Humans are the only species that seems to regard "privacy" as a thing. If a chimpanzee wants to start jerking off, the rest of his family just sits around and watches, bored. But humans? Our houses, clothes and means of communication are all built around carefully hiding certain aspects of ourselves.
But this is changing with terrifying speed, thanks to technology. Almost every advanced gadget we use presents another crack that a creepy or malicious person could pry open if they got the urge to stalk us. If you think we're being paranoid, well, let us provide you with actual examples of it happening ...
#5. Any Photo You Post Online Gives Away Your Location
When we say that any picture you post online can let a stranger know where to find you, we're not talking about a photo of you standing in front of the Leaning Tower of Pisa, pretending to hold it up. We're talking about the photo you took of yourself, in your own bedroom, standing in front of your wall of One Direction posters.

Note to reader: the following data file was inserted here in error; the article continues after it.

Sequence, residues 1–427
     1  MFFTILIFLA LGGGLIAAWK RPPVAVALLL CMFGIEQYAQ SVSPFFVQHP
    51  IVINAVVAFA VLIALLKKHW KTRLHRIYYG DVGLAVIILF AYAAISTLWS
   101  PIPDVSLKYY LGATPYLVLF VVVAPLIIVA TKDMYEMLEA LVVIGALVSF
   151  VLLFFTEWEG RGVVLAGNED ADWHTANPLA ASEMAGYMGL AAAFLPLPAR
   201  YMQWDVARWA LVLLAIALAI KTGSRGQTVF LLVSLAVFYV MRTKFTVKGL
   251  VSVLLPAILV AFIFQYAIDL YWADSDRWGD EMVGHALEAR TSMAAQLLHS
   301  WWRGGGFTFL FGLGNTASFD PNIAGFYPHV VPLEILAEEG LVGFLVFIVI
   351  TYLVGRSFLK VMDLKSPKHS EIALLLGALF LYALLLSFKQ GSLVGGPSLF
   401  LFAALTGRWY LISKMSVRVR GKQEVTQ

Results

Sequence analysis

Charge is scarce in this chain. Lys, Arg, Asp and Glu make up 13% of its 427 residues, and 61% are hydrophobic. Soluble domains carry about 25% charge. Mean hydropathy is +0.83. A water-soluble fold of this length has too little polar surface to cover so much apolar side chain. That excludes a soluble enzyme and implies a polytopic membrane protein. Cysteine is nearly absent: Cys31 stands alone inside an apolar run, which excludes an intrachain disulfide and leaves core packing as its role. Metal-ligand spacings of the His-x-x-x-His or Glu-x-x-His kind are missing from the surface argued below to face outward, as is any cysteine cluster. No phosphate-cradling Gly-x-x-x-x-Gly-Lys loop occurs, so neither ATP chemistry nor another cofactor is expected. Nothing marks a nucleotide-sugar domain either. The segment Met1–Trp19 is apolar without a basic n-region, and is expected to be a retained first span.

So for instance, let's say you've given up on meeting Prince or Princess Charming in the real world and you've turned to dating sites. But you know there are some bona fide crazies out there, so you'll want to play it safe. For your profile pictures, you're sure to only use photos without recognizable background features or tell-tale scars proving you're the Chosen One or a Cuban drug lord, because then anyone could find you. You don't post your real name and you keep all your personal information behind a privacy wall, which is like a chastity belt for your identity, if your identity were a vagina.
And creating a Facebook profile is like vajazzling.
Little do you know that the innocent self-portrait of you in your favorite George-Washington-but-as-a-cat costume has led Glenn Close (or her male equivalent, also named Glenn Close) right to your door. That's because every digital photo has a wide variety of information stored in the actual code of the file: Time, date, camera type, camera setting and how drunk you were when you took it are all embedded in the file when you upload the picture. You know what else is in that file? If you used your smartphone, the GPS coordinates of where you took the picture. You might as well arm your stalkers with some roofies while you're at it.